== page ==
Whole or incomplete: the myth of body perfection

  • Abha Khetarpal Cross the Hurdles
Keywords: Ableism, Body imperfection, Depression, Physical disability

Abstract

The media’s and society’s prejudice in favor of ‘ablesim’ propagates the myth of body perfection. As a result we pursue perfection – the concept of ableism invades our minds as well as our culture and we all succumb to it’s lure. Disability is socially constructed; it is ableism that compels people to believe that perfection is normal. This belief is nothing less than social oppression. Even the rehabilitation therapies send out strong signals that persons with disabilities are ‘deficient’ and ‘abnormal’, and that to become a "valued" person they would have to overcome their disabilities. Since the physical component of self-concept is important in maintenance of health and in identity formation, such pressures can lead to a distortion of self-concept. The desire for human perfection can lead to medical conditions such as obsessive compulsive disorder, anorexia nervosa, or depression. It can also impact our understanding of what it means to be human and what signifies a perfect or happy life. This article expounds on why we must achieve, value, and polish psychological maturity through awareness, self-regulation, responsibility, interdependence, honesty and integrity.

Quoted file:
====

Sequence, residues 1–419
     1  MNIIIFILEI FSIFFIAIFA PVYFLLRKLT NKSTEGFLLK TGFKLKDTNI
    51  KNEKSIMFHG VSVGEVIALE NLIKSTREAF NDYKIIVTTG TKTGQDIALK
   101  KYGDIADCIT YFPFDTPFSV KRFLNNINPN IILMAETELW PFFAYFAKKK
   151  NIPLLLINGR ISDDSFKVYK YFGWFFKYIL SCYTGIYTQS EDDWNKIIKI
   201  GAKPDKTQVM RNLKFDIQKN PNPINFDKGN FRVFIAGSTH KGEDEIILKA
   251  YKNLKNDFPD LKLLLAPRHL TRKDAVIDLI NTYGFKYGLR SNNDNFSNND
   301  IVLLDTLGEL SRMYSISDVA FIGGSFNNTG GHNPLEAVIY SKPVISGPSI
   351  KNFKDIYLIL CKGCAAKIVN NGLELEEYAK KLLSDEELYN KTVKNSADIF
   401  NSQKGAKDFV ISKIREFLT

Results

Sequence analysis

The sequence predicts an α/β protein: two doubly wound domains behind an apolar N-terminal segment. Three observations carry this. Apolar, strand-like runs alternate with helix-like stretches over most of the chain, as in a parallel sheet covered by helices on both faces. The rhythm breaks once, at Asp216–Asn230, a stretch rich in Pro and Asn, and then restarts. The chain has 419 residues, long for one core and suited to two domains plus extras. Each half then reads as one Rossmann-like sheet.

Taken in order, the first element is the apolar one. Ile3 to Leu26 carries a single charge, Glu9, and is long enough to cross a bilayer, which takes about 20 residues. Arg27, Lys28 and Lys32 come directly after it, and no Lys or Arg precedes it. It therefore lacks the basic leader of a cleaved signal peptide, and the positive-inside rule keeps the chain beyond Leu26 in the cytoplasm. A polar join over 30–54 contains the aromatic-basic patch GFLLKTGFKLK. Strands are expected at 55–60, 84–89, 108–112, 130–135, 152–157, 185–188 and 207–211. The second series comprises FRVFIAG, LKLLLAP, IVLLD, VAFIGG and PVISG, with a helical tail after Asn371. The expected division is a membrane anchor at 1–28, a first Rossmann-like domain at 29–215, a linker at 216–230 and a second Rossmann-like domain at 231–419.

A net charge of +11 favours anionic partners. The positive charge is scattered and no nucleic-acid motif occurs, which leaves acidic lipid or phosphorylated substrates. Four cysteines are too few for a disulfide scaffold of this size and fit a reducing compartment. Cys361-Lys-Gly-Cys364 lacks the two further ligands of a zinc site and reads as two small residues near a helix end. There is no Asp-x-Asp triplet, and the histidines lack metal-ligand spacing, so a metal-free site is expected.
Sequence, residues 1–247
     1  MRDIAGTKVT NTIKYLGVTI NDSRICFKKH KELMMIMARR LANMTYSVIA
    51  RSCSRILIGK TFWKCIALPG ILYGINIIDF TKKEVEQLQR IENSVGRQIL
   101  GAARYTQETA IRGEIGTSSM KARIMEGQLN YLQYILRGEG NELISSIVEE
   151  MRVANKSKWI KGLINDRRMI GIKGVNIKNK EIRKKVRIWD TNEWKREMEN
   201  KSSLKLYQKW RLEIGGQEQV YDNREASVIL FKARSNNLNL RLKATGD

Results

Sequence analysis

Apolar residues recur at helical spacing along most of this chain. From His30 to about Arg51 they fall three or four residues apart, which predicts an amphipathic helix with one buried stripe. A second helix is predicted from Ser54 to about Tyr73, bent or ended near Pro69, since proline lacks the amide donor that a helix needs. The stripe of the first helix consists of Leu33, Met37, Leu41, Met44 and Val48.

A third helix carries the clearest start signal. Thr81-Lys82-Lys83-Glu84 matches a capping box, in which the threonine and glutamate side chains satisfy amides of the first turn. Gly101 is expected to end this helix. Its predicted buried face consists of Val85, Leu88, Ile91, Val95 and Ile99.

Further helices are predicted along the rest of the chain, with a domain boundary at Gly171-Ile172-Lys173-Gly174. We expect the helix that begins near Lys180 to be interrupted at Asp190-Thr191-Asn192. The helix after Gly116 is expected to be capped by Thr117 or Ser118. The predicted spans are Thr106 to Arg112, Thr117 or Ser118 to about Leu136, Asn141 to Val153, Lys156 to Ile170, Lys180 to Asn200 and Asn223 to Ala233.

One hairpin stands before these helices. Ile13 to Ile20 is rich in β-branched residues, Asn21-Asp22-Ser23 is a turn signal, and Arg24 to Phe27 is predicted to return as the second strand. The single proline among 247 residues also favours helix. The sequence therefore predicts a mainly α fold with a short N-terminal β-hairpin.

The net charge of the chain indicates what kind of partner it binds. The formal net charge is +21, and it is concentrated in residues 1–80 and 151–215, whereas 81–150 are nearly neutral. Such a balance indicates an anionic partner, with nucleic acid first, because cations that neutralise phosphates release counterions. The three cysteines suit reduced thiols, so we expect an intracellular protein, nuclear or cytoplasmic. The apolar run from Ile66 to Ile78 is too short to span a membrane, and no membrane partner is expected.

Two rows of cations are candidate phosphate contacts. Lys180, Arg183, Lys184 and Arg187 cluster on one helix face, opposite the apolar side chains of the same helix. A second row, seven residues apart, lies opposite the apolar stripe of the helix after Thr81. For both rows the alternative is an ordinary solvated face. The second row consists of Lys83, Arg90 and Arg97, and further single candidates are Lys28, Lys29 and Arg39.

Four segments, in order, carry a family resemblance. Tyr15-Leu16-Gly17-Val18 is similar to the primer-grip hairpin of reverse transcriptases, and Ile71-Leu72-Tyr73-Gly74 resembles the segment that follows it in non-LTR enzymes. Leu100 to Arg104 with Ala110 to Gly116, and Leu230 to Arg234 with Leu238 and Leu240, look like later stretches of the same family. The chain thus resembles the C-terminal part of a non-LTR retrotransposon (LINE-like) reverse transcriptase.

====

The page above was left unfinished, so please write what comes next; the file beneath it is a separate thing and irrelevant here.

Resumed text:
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Author Biography

Abha Khetarpal, Cross the Hurdles

President 

Cross the Hurdles

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Published
2017-08-07
How to Cite
Khetarpal, A. (2017). Whole or incomplete: the myth of body perfection. Research & Humanities in Medical Education, 4, 54-57. Retrieved from https://www.rhime.in/ojs/index.php/rhime/article/view/120
Section
Perspective